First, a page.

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A Shared History Brings Difficult Truths, New Connections03:42

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Andrea Scott, left, and Ann Walling speak at Parnassus Books. In the background is a photo of Andrea's great-great-great-grandmother Mary Scott holding Walling as a baby. (Kim Green)closemore
Andrea Scott, left, and Ann Walling speak at Parnassus Books. In the background is a photo of Andrea's great-great-great-grandmother Mary Scott holding Walling as a baby. (Kim Green)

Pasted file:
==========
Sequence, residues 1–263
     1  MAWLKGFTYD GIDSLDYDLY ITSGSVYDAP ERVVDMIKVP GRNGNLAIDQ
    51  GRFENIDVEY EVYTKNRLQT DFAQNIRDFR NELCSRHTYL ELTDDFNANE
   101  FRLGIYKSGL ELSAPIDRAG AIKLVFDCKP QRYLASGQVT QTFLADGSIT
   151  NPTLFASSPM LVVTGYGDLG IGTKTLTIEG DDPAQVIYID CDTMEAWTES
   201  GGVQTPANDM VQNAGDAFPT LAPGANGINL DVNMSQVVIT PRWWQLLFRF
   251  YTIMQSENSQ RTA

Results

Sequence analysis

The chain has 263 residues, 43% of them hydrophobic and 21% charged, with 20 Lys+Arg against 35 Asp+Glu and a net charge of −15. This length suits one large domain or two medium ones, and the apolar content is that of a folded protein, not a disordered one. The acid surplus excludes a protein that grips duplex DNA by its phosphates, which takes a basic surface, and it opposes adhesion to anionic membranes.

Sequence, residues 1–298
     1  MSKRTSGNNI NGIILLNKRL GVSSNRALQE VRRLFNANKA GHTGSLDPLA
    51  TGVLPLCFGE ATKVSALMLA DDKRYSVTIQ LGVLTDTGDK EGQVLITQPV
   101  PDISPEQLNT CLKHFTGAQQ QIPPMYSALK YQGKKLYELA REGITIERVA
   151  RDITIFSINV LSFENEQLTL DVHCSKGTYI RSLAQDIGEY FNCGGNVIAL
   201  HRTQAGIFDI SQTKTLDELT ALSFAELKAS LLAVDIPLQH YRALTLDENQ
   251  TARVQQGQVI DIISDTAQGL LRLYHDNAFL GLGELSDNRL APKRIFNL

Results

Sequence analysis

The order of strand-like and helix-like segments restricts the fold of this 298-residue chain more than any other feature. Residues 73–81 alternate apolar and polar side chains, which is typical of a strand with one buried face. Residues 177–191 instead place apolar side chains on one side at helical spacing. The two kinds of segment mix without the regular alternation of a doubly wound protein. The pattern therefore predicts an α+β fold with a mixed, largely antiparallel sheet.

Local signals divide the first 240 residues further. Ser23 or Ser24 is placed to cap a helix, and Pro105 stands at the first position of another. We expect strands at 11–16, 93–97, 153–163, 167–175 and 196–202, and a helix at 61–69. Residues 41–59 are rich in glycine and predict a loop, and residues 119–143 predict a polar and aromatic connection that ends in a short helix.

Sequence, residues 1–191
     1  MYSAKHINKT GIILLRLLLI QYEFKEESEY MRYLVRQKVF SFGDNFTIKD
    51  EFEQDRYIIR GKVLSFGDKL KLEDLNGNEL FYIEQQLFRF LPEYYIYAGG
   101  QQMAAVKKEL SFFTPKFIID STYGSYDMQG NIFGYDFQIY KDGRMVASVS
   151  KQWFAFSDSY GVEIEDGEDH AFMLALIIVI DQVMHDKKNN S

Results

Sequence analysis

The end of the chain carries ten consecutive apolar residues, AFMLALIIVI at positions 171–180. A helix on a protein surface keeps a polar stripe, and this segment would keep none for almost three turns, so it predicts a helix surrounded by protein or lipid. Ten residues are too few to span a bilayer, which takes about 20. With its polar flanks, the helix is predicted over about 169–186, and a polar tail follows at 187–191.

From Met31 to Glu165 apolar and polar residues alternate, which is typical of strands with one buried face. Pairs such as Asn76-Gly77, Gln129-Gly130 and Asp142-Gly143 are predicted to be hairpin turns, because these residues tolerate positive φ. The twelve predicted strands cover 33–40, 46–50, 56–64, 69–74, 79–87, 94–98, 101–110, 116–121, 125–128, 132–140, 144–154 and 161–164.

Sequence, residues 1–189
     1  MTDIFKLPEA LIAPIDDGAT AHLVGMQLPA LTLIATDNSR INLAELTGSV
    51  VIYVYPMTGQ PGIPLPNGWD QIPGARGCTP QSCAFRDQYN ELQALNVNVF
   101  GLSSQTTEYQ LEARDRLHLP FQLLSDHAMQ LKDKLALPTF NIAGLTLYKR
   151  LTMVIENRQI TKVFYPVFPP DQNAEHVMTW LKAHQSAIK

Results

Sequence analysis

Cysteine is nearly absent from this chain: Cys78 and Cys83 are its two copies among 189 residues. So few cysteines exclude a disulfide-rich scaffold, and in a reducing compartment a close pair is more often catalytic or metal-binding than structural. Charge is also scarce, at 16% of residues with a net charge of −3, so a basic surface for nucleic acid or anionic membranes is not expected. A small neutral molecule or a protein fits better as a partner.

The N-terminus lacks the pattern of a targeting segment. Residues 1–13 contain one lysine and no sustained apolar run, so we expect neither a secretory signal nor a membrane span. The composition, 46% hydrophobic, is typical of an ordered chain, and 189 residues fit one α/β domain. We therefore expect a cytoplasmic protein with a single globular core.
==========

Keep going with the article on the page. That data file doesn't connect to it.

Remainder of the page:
Tennessee author Ann Walling wanted to write a story about her family history. Her relatives in Mississippi had owned slaves, and even when Ann was growing up in the Jim Crow era, the family had black servants who only came in the house through the back door.

Walling's book "Sunday Dinner: Coming of Age in the Segregated South" grapples with her family's attitude toward race and heritage. But as Emily Siner of Here & Now Contributor WPLN in Nashville reports, she recently met a descendant of one of those slaves who would change her perspective even more.

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  • Emily Siner, enterprise reporter at WPLN and host of the Movers & Thinkers podcast. She tweets @SinerSays.
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